The dining room had a lovely old dining room suite in it which now sit in my own home. It had belonged to my grandparents and had been one of their wedding presents in 1950. Today it is rather creeky and wobbly but it still does the job for which it was intended.

Living room painting of where my grandmother was born
Low Mill Chapel, Rawdon
In the study resided the computer and mum's piano alongside lots and lots of books, but this was always the coldest room of the house.

The living room walls were lined with watercolour paintings some of which my grandfather had painted. There was also an oil painting of the chapel in which my grandmother was born. The living room was south facing which meant it got the majority of the sun and it also had amazing views over the Pennine foothills (see last picture).

My bedroom was originally cream with brown curtains and carpet until I rebelled in my teenage years and persuaded my dad to paint it lilac. Unfortunately the colour we chose was more of a pale blue than lilac but I still had purple curtains and bedding. There were lots of posters and paintings on the walls and a hammock with my cuddly toys in it. The window looked out into the back garden which I would gaze out of watching the birds and my dad gardening when I should have been doing my homework.

The back garden in the snow which my bedroom looked out over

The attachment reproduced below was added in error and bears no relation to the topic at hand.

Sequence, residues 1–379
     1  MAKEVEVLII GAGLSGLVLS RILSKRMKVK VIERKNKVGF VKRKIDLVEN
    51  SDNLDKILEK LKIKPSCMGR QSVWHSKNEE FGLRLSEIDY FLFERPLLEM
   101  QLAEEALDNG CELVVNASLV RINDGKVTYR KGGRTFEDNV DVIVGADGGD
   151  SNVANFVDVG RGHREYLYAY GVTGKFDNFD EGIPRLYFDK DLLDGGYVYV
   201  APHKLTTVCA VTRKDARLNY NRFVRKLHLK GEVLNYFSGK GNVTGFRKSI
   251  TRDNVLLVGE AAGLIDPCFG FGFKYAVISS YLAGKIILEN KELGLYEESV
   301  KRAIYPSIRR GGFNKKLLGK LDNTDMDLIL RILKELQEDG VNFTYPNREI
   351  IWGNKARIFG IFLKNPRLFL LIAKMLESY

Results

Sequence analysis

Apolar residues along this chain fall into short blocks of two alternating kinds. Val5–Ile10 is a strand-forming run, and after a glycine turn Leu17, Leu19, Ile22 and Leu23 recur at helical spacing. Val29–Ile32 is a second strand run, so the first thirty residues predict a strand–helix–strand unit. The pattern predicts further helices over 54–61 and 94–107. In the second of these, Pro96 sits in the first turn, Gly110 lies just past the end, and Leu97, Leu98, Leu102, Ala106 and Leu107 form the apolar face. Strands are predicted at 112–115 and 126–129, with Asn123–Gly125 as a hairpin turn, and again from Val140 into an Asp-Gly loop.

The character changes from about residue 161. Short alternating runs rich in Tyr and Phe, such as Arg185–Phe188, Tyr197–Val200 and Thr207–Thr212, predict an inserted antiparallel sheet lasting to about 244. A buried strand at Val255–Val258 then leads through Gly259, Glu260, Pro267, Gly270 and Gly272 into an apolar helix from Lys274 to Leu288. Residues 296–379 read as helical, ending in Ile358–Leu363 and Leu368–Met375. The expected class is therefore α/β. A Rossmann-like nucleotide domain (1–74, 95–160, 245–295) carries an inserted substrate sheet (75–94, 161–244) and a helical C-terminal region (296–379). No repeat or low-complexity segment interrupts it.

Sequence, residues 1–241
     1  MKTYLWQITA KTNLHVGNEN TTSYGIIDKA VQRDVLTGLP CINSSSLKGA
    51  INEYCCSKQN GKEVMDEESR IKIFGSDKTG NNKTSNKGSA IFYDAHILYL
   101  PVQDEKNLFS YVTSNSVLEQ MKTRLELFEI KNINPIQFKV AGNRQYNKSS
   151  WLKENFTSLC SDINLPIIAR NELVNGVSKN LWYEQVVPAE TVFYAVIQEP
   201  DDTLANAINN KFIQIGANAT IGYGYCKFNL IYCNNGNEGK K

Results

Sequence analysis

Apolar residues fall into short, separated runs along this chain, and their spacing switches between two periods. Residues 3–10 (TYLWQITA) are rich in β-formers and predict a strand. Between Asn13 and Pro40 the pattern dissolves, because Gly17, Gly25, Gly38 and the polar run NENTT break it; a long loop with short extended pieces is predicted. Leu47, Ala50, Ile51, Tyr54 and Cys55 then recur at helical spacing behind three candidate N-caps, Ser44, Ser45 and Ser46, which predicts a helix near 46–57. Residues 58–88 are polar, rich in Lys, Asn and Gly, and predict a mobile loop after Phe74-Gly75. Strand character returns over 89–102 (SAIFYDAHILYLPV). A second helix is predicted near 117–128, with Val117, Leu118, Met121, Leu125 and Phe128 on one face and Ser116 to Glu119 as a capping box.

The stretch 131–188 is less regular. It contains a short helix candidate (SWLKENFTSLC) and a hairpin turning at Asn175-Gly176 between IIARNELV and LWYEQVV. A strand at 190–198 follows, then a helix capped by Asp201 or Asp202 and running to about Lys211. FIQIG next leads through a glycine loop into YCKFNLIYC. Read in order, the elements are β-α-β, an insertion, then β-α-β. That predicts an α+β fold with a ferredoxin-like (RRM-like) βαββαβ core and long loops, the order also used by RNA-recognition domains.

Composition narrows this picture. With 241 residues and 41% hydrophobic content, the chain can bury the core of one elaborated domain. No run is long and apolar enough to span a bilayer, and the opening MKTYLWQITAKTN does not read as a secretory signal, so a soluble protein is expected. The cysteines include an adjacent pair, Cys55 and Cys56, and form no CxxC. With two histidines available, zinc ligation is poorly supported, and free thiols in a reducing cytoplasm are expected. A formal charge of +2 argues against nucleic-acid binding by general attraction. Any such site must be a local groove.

The house was a short street of 8 houses which were set back from the main road. They were built in the old grounds of a mansion house which still remains at the end of the back drive, the access road to the backs of the houses. The back drive was wooded and you drove off the main road through big stone gate posts which made the street look quite posh although it wasn't really.

The adjoining semi was occupied by an old lady who died just after I had left university, she was a lovely lady who we used to cut the lawn for. She became a surrogate grandmother to me and to this day she never understood why I chose not to move back home after university. Across the gap the other next door neighbours were a family of 4 similarly to us which meant we had play pals to play outside with.

There was a large garden both to the front and rear, with a large garage to the rear of the house, so lots of play space for hide and seek or cricket and football on the back drive and to run around. My father was quite a gardener and grew lots of vegetables so we would always enjoy a good harvest every autumn.

I have lots of very happy memories of this home, but unfortunately so few photos.

The view from the living room and front of the house

Copyright © 2013 Ruth Hogan